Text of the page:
What does this mean for the future of social media? On the one hand, TikTok’s algorithms showcase the true potential of AI and machine learning and may well have the traditional social networks worried. (The Wall Street Journal reports that Snap debated whether to sell ads to TikTok at all, for fear of losing users to a new rival.) ByteDance has already hired away executives at Facebook and is now turning its efforts to attracting older users. Its growth shows little sign of letting up.
But TikTok’s ascent comes at a moment when user privacy and the weaponization of data has been thrust into the spotlight. As the recent outcry over photo filter FaceApp illustrates, users are beginning to appreciate just how much valuable personal data they give away often for little more than a passing moment of entertainment. TikTok may well epitomize this “cheap date” syndrome. Target revenue for 2018 was estimated to be around $7 billion, largely from selling highly targeted ads based around mountains of free user data. Whether increasingly savvy users will continue to abide with this commercialization of their privacy, only time will tell.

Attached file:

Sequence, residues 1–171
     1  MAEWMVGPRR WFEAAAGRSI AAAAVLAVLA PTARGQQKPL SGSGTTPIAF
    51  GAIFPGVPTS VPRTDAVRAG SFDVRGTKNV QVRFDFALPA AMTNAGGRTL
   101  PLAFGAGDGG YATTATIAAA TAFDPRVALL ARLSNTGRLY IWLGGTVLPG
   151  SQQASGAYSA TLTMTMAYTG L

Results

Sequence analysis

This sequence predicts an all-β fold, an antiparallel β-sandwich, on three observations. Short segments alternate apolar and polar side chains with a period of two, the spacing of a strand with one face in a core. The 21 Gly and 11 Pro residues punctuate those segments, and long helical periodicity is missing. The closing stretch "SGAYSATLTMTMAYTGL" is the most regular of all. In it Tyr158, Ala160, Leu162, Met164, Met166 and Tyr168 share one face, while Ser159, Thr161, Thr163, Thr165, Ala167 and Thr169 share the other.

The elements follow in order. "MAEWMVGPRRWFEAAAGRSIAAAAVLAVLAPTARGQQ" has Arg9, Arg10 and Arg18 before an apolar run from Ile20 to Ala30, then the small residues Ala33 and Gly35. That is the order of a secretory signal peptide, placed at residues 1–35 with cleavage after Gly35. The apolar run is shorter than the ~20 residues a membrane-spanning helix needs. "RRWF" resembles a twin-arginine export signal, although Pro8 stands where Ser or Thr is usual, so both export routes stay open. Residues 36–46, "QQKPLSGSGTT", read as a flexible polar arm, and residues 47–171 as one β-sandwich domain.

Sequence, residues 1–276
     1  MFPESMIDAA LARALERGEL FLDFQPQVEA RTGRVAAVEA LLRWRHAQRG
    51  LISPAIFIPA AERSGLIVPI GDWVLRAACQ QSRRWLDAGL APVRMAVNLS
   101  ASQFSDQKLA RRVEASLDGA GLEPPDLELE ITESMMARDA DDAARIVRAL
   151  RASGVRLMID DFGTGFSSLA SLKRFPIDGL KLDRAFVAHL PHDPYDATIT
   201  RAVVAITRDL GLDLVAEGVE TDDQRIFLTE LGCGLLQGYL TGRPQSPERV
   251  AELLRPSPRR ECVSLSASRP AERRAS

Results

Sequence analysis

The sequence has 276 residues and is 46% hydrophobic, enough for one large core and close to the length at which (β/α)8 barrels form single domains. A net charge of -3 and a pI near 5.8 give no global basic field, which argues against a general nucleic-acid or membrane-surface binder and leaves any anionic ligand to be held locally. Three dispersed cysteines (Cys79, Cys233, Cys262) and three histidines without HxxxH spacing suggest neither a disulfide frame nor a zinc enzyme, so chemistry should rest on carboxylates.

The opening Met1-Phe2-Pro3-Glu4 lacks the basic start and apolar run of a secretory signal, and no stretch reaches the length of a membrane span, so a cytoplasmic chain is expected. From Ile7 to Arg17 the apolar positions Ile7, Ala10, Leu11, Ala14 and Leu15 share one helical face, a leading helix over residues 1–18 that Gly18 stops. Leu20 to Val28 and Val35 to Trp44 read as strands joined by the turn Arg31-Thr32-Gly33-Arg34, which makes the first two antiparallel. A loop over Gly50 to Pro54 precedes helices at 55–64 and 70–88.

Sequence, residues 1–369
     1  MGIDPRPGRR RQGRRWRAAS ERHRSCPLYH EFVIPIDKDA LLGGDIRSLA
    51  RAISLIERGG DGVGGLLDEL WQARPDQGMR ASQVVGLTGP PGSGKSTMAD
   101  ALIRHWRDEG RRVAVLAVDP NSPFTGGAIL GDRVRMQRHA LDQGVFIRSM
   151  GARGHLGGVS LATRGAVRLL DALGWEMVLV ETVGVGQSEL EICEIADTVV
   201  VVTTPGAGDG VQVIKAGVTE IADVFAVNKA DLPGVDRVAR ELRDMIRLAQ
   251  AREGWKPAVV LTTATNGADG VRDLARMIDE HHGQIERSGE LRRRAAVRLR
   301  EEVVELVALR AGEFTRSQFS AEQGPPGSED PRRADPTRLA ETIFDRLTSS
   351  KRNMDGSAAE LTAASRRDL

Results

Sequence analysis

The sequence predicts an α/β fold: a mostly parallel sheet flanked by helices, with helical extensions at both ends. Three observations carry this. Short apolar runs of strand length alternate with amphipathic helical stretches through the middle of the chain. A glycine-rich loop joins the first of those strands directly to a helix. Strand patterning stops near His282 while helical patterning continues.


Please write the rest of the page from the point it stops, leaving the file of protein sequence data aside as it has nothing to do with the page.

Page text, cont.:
State surveillance presents an even larger concern. It’s a truism that private corporations in China and the Communist Party are intimately linked. TikTok’s domestic equivalent, Douyin, is thought to be closely monitored by authorities. The same advanced algorithms that monitor and pick up on user preferences also make it easy to identify, for example, a traditional Uighur song sung in the native language and to alert authorities. There’s no evidence that surveillance capabilities have been applied outside China, but the possibility has been raised.
Whether all of this will actually impact the growth of TikTok and attitudes toward the platform remains to be seen. Despite the simmering backlash, viable alternatives to existing monetization models—whether in the form of ad-free subscription social media services or data marketplaces where users opt to share their data for a price—have yet to get off the ground. But what is clear is that with the rise of TikTok, the clock is ticking. AI and user data are converging in complex and sometimes unpredictable ways. Will we as users be able to keep pace?